Yellowknife

Yellowknife snow clearing provokes pandemic parking panic


“I woke up, I pulled out the curtains to the front window, and it was an Ashton Kutcher, ‘Dude, where’s my car?’ moment.”

Cheryl McKay had been indoors with her family in uptown Yellowknife for days. With a pandemic going on outside, she was happy to follow government advice and stay at home.

Her husband, working one week on and one week off during the pandemic, was home too. The couple and their two kids never gave a thought to leaving the house, McKay said.

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Until Wednesday, when she opened the curtains to find her vehicle gone.

“And then, of course, I saw the mountain of snow in the middle of the road. They had ploughed the night before,” McKay continued.

“I asked my husband, ‘Did you move the car last night?’

“I said, ‘I’m pretty sure we’ve been towed.'”

Retrieving their vehicle cost the family $250 at the pound plus a $50 ticket. McKay says that’s money the family had hoped not to lose with their finances as precarious as anyone else’s during the Covid-19 pandemic.

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“Right now,” she said, “when we’re trying to prepare for financial hardship, it’s a little bit worrisome, right?”

‘Check your road for signs’

Snow clearing probably won’t be a problem for any other family, at least in the short term. The City of Yellowknife has cancelled planned snow removal this coming week as the temperature warms up. There’s always a chance clearing may have to be restarted if late April brings any fresh dumps of snow.

Meanwhile, McKay wrote to City Hall and the mayor, Rebecca Alty, for answers.

Alty, responding, said residents should be checking the City’s website and Facebook page or listening to radio station Moose FM, where the City advertises, for the weekly snow removal schedule.

“Or go out once a day and check your road for signs,” Alty added.

McKay thinks snow clearing schedules are unlikely to have been top-of-mind for residents this month, including hundreds in isolation for weeks at a time.

“I just feel it’s not business as usual right now. The way they were handling the snow removal wasn’t really in line with the whole staying-home, avoiding going out as much as possible,” she said.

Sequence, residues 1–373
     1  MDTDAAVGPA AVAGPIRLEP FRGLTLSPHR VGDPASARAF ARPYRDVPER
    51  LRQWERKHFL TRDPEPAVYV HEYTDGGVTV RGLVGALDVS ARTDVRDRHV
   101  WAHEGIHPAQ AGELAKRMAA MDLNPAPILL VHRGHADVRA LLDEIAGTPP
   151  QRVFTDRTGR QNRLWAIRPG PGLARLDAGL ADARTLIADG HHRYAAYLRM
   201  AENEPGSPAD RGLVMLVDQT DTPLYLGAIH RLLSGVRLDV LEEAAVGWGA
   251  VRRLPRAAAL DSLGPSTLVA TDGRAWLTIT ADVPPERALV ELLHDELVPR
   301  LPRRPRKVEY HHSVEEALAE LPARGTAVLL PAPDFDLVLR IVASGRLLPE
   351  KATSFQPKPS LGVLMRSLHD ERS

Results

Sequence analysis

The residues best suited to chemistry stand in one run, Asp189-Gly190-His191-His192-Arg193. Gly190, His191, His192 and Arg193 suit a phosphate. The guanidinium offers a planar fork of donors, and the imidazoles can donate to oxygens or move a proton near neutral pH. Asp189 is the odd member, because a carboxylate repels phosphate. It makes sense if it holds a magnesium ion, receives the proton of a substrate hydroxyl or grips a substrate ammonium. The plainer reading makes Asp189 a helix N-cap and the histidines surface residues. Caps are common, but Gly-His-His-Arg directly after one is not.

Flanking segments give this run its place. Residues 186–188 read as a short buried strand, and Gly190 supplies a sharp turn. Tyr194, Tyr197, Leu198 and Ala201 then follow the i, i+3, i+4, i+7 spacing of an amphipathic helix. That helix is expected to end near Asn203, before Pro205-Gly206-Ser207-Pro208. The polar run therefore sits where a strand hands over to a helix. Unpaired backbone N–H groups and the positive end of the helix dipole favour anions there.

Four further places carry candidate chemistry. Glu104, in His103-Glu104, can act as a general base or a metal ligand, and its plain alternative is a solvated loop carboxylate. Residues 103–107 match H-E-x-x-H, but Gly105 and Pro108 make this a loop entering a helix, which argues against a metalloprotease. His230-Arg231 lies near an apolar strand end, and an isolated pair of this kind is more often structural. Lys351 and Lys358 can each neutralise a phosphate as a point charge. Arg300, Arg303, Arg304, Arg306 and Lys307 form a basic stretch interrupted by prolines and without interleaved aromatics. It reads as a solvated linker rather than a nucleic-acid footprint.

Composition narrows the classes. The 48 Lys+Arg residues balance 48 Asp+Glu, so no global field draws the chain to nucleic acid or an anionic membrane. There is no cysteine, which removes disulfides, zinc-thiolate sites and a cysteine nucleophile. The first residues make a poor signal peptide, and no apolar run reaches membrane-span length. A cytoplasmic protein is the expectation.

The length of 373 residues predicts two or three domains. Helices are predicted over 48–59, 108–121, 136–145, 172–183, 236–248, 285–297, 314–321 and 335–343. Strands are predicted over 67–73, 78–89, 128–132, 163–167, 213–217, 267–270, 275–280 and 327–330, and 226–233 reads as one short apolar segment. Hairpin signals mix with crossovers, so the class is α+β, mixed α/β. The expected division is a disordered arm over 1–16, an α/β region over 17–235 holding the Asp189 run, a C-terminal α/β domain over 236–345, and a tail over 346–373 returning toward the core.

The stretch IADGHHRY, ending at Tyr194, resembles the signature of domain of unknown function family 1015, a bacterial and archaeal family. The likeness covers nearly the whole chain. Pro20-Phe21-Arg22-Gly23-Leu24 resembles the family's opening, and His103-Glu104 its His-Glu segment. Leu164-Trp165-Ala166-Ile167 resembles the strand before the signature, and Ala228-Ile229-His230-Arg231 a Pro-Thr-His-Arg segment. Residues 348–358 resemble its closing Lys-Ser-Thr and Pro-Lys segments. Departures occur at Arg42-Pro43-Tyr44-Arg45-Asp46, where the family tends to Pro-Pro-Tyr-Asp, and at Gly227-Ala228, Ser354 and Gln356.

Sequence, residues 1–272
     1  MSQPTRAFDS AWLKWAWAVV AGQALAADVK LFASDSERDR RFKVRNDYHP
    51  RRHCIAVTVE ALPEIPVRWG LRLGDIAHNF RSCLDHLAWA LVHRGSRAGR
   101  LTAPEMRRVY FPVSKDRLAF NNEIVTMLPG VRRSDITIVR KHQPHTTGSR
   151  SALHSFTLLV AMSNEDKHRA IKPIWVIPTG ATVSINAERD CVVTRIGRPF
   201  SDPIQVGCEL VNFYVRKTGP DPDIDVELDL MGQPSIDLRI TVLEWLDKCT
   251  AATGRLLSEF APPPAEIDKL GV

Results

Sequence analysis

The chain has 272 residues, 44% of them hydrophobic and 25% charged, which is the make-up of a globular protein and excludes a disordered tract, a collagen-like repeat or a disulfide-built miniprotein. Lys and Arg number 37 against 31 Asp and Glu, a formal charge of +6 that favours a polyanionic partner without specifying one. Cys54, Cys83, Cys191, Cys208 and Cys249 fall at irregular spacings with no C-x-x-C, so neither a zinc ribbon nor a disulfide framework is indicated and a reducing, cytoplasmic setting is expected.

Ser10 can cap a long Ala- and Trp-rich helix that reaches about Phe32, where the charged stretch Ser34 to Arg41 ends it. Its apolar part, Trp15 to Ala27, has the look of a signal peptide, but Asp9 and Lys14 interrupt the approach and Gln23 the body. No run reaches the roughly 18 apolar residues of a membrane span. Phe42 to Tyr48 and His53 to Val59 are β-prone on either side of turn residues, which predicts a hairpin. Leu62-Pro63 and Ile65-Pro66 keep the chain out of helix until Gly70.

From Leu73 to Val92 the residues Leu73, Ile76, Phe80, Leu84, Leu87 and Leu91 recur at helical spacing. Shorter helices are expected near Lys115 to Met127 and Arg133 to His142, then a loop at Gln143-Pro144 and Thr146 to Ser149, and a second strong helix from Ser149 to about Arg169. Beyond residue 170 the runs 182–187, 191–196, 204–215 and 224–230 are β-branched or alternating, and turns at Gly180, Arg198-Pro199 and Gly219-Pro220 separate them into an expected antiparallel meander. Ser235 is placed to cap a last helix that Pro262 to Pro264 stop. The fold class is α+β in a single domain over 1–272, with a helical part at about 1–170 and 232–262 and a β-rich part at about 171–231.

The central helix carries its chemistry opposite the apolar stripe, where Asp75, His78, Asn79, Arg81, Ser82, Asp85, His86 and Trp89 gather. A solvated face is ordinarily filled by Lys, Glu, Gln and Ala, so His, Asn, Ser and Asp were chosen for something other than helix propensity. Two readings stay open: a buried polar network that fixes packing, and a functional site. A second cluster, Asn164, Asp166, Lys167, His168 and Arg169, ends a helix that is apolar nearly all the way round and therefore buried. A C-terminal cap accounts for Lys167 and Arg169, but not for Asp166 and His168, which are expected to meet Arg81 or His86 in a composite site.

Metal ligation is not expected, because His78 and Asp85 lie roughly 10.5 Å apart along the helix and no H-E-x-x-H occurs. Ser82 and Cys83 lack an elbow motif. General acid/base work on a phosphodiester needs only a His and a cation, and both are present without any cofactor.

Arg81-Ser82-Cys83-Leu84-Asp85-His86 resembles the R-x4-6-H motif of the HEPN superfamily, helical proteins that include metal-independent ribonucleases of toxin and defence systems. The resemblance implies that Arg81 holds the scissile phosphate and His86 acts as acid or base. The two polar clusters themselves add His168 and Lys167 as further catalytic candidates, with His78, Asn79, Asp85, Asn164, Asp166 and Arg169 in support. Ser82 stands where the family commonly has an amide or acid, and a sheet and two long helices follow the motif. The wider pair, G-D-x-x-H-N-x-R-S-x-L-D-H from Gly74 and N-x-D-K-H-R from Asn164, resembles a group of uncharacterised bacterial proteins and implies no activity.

“I felt like I was being blamed because I ought to have known – when, really, every other City operation and facility I rely on is closed.”

Mayor links towing refund to taxes

Alty, in a separate email to Cabin Radio, accepted the past month has been “a challenging time for residents on many fronts.”

The mayor said council had received requests to waive a number of different fees and charges, including towing fees like those passed on to McKay.

Alty said if McKay requested that the City refund her towing fee, she was really asking taxpayers to do so.

“For each request to waive fees or charges that we get, we have to determine whether the individual should pay or whether we all should collectively pitch in and pay,” Alty wrote.

“When residents request that the City pay for their towing bill, they’re really requesting that taxes – money collected by the City from all residents – pay the bill.”

Alty said she and councillors can’t waive those fees, and McKay and family are out of luck.

The City’s website states streets selected for snow removal will be advertised on radio and through signs placed 24 hours before removal, which begins at midnight and runs until the early morning.

“Residents must ensure parked vehicles are removed by midnight of the scheduled day or they will be removed (towed),” the website notes.

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